Luckovich: Over the edge

Luckovich: On second thought...

Haaretz editorial: Lapid must stand up for peace

Lapid must stand up for peace

Now is the time to form a peace-seeking government made up of parties that are able to lead Israel according to the Bar-Ilan framework.

Haaretz Editorial
Jul. 10, 2014

Opposition chairman MK Isaac Herzog (Labor) was asked what he would do if he were prime minister. “I would do everything that is necessary to prevent the intolerable rocket fire on southern Israel,” he answered, “and I would go Ramallah to advance an agreement with the Palestinians.” Herzog combined finding a tactical solution to this acute problem with a strategy for preventing future conflicts.

Palestinian President Mahmoud Abbas told Akiva Eldar during an interview for the Israel Conference on Peace that he would uphold his promise to hold another nine months of negotiations if Israel lives up to its previous commitment to release the fourth round of prisoners. Abbas also stated that a Palestinian commitment to talks would hinge on an Israeli commitment to discuss borders during the first three months of the talks, as well as refrain from building new settlements.

Finance Minister Yair Lapid said during the Herzliya Conference last month that Israel must define its borders, stop settlement construction outside of the large blocs, and renew talks with the Palestinian Authority. Prime Minister Benjamin Netanyahu rejected Lapid’s suggestions, calling him inexperienced. How can Israel “give” the Palestinians borders without receiving anything in exchange, Netanyahu asked. But Lapid was right, and Netanyahu was wrong, or perhaps he preferred to halt any progress. An agreement, if and when it is signed, would include many issues; it will be impossible to implement a proposal or accord based on a single issue. It must be part of an overarching agreement. It’s hard to believe that the Israeli government and the Palestinian Authority engaged in negotiations for nine months but didn’t talk about borders. Abbas’ demand that this be the first issue discussed in a new round of talks is justified, and according to Lapid, it’s in Israel’s interest as well. Abbas and Lapid also both see the Arab Peace Initiative of 2003 as a basis for an agreement between Israel and the Palestinians. The reason there are currently no negotiations is clear: Either the prime minister does not believe the things he said during his Bar-Ilan speech or he is unable to prevail over the extreme right-wing elements in his coalition, thereby making him unfit to lead.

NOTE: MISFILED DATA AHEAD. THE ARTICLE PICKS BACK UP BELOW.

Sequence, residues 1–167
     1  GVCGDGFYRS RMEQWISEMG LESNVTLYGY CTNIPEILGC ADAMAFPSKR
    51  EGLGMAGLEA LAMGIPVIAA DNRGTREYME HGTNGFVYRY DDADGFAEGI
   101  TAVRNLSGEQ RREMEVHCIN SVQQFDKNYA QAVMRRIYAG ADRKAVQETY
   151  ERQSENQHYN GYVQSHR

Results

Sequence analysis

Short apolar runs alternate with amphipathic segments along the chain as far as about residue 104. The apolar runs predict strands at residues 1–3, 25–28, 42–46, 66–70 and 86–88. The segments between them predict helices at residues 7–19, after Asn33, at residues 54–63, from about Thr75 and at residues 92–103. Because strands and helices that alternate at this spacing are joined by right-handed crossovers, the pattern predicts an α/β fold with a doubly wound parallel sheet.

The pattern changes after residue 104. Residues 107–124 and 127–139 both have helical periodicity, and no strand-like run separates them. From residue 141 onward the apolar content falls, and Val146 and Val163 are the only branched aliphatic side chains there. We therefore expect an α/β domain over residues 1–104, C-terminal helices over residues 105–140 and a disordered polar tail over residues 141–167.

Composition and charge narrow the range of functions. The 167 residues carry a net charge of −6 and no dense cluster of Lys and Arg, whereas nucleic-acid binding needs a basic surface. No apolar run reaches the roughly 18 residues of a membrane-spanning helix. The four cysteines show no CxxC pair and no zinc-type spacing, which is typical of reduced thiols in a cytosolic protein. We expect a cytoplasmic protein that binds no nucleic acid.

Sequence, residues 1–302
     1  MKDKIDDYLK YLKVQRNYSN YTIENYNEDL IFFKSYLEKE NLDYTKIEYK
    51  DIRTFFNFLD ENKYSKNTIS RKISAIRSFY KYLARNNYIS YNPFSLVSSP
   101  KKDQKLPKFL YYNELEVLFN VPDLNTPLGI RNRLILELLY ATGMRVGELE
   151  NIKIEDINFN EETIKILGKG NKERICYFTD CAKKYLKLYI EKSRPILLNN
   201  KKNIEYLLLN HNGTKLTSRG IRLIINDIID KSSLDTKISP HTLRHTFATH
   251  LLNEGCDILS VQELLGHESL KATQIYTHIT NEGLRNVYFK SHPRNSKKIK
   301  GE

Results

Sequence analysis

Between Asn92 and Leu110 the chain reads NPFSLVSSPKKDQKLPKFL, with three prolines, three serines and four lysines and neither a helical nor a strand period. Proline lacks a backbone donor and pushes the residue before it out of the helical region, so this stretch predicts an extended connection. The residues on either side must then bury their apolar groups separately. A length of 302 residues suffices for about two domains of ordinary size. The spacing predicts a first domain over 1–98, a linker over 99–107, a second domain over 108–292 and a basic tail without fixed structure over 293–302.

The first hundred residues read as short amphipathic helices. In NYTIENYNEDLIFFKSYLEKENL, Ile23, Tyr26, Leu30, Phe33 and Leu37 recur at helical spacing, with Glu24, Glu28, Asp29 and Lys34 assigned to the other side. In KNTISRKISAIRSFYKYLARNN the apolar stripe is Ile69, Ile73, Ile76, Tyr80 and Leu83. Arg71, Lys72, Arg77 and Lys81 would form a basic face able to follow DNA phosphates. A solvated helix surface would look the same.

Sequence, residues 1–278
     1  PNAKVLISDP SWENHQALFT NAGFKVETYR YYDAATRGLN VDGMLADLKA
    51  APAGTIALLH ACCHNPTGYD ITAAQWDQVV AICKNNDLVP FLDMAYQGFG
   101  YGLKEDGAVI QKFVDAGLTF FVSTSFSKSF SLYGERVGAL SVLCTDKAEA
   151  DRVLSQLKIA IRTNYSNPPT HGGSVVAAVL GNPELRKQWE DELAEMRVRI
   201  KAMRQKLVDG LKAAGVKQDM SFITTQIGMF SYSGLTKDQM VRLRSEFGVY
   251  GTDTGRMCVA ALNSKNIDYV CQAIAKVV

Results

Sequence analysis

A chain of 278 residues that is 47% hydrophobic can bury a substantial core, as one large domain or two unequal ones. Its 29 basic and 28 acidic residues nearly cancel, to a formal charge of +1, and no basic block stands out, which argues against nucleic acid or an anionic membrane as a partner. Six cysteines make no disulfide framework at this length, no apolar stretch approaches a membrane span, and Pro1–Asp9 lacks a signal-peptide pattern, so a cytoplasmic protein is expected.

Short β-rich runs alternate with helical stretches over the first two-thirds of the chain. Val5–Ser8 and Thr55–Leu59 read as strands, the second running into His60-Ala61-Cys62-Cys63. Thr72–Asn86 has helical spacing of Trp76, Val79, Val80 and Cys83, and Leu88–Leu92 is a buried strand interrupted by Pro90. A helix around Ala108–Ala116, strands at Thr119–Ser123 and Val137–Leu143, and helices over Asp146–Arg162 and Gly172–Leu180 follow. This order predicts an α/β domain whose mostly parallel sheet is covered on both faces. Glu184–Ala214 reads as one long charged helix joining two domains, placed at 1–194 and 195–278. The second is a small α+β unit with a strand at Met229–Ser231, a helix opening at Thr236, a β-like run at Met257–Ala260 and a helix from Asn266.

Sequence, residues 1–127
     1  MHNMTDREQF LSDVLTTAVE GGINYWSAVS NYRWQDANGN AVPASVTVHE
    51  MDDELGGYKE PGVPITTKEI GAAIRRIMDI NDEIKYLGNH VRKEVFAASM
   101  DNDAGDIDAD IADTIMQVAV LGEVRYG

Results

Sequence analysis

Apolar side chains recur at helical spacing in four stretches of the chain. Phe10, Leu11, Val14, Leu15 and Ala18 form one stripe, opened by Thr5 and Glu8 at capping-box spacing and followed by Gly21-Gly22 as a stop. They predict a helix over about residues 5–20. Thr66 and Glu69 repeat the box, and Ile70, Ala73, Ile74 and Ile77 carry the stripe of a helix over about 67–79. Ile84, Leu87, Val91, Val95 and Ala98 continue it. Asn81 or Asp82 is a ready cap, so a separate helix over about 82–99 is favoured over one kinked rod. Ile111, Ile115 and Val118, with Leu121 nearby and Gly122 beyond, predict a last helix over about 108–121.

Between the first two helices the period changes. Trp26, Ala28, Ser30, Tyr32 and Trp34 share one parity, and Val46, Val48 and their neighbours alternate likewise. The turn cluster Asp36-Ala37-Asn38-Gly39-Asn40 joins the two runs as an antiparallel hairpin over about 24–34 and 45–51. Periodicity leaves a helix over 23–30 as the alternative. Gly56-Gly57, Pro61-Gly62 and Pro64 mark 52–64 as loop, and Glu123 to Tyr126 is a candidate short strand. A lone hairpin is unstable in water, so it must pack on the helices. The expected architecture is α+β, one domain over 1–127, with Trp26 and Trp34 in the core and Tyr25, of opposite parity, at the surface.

Now is the time to form a government made up of parties that are able to lead Israel according to the Bar-Ilan framework articulated by Netanyahu and the strategy put forth by Lapid and Herzog. Netanyahu could put together a coalition without Habayit Hayehudi and certain MKs from Likud and Yisrael Beiteinu who wish to continue representing the settlers. Lapid must issue an ultimatum to the prime minister:

Either with me on the path to peace, or without me.